This presence also engenders a moral obligation, said Sister Helen. Unlike state-employed prison chaplains, outside spiritual advisers can be an “independent voice,” describing what they see in the room. “It is the secrecy, the distance and the separation that have allowed the death penalty to be applied during all this time,” she said.
In its response to Mr. Ramirez’s complaint, the state says strict restrictions in the execution chamber are a matter of security and that Mr. Ramirez’s request opens the door to increasingly onerous religious demands. .
“Everything around the Texas enforcement process and enforcement protocol is based on safety and security,” said Jeremy Desel, director of communications for the Texas Department of Criminal Justice.
Mr Ramirez’s attorney, Seth Kretzer, rejected this argument. “You are in the safest facility in the entire prison system,” he said.
Mr. Ramirez’s plea pits law and order against compassion and respect for individual faith. These conflicting impulses both have a strong influence in Texas, said Kent Ryan Kerley, professor and president of criminology and criminal justice at the University of Texas at Arlington. “It is mercy against justice, which one do they choose? ” he said. “It’s a perfect test case.”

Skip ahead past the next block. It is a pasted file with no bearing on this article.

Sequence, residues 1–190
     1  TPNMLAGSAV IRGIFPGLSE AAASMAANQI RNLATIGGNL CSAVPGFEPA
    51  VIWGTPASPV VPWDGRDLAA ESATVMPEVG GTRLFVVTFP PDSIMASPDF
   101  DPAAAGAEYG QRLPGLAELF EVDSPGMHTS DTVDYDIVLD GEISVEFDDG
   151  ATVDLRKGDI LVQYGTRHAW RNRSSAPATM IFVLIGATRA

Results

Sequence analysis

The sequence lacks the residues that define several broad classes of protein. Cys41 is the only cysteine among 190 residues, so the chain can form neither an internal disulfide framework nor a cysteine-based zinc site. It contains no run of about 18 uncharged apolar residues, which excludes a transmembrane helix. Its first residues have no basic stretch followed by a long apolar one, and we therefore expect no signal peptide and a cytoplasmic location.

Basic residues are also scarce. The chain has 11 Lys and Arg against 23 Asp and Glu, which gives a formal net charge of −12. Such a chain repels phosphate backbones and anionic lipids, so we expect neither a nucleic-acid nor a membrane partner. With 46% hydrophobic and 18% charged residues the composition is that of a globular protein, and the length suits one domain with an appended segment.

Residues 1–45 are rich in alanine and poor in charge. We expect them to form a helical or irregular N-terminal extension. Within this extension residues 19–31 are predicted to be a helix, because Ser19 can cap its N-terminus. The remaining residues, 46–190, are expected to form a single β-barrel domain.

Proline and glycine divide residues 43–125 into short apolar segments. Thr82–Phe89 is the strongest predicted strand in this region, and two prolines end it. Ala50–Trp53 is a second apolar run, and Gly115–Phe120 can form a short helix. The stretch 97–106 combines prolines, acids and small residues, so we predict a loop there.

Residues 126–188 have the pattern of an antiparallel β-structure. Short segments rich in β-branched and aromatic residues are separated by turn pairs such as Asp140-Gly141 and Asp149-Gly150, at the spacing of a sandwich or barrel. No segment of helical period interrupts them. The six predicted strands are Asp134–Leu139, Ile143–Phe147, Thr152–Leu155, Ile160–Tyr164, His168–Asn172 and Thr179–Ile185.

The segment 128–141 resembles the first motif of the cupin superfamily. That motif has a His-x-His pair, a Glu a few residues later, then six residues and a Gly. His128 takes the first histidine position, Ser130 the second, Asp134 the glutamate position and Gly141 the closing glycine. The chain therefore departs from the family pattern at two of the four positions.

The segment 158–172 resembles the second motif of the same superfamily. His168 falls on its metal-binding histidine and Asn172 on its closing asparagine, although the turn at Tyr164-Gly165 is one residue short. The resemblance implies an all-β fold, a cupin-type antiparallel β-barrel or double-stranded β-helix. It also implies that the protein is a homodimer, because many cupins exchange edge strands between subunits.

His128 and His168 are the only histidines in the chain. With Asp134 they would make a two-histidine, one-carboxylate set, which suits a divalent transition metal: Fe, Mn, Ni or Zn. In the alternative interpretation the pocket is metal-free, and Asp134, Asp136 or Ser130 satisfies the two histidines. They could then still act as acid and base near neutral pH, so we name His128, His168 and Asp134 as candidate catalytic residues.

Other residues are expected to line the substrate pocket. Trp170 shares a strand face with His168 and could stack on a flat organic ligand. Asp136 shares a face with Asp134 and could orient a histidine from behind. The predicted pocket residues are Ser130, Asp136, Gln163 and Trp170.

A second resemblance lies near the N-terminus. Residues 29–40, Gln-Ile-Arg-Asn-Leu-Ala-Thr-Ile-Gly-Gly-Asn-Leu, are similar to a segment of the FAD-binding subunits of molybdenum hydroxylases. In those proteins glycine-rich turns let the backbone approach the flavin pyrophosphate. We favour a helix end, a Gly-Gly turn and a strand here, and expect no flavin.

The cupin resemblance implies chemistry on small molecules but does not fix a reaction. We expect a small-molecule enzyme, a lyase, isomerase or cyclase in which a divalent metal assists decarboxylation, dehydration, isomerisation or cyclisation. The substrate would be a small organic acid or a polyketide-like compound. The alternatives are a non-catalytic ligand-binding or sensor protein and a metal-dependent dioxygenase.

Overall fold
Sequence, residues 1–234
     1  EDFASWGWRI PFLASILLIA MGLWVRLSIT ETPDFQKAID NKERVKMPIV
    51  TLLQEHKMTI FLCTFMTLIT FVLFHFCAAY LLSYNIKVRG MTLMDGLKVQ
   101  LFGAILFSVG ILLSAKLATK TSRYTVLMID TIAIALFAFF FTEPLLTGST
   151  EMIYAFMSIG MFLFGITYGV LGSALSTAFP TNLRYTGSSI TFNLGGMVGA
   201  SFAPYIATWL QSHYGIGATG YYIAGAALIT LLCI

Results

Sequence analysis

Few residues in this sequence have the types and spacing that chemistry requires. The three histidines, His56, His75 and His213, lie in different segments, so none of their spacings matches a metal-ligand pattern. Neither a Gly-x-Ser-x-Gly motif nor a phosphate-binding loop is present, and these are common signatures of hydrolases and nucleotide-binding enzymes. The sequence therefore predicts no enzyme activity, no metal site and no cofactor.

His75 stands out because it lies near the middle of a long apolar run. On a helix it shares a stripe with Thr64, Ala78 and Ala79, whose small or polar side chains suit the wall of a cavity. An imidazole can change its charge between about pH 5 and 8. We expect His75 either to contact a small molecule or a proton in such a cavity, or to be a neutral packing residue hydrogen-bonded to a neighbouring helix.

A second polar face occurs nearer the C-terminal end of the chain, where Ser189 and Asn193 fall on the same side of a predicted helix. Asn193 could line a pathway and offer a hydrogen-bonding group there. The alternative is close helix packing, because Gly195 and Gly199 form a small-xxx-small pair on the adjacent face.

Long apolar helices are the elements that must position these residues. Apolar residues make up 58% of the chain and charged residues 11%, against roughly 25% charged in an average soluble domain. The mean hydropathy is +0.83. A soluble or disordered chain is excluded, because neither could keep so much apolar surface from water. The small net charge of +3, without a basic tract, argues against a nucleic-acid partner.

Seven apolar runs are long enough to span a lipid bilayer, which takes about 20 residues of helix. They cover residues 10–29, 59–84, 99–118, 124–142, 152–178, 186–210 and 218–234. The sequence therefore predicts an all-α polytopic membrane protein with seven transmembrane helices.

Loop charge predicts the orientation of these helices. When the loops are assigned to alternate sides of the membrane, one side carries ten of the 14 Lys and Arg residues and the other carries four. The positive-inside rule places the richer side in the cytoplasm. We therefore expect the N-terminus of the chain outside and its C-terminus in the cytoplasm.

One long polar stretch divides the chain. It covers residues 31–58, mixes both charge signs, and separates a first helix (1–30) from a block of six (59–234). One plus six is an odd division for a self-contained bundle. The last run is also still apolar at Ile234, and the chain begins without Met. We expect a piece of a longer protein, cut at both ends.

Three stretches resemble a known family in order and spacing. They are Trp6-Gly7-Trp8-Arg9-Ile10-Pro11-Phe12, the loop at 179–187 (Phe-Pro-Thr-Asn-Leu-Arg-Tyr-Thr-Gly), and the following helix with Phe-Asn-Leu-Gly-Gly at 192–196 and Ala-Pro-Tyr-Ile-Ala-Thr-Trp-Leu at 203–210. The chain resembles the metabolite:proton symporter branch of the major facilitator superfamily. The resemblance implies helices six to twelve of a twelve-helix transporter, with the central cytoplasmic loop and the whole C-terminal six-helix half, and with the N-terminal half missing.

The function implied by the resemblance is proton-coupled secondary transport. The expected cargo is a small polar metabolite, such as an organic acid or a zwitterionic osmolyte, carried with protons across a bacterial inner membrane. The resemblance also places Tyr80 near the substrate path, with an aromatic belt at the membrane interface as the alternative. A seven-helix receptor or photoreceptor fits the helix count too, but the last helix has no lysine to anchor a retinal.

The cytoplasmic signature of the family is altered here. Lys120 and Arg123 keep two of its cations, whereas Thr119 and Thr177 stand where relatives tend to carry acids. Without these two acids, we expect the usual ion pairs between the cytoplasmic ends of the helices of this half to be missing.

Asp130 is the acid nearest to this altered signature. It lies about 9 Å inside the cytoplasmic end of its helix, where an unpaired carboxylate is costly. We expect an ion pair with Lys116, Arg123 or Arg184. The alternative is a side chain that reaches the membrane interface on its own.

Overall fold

For Mr. Ramirez, it’s hard to see denial as anything other than resentment. ” What’s going to happen ? I will have a real spiritual moment when I die and you don’t want me to have this? he said. “Do you want to hide this from me too?” “
In a poem he wrote in 2018, he spoke of his deep loneliness in prison:
Comfort me like a hug
while I wait for the final tug.
Of that noose around my collar
will you notice when I scream?
For now, he expects his execution in a little over a week, or a last minute reprieve. He’s ready to die, he says. “I really want to get the hell out of here,” he said. “Anyway, I know where I’m going. I know what I believe in.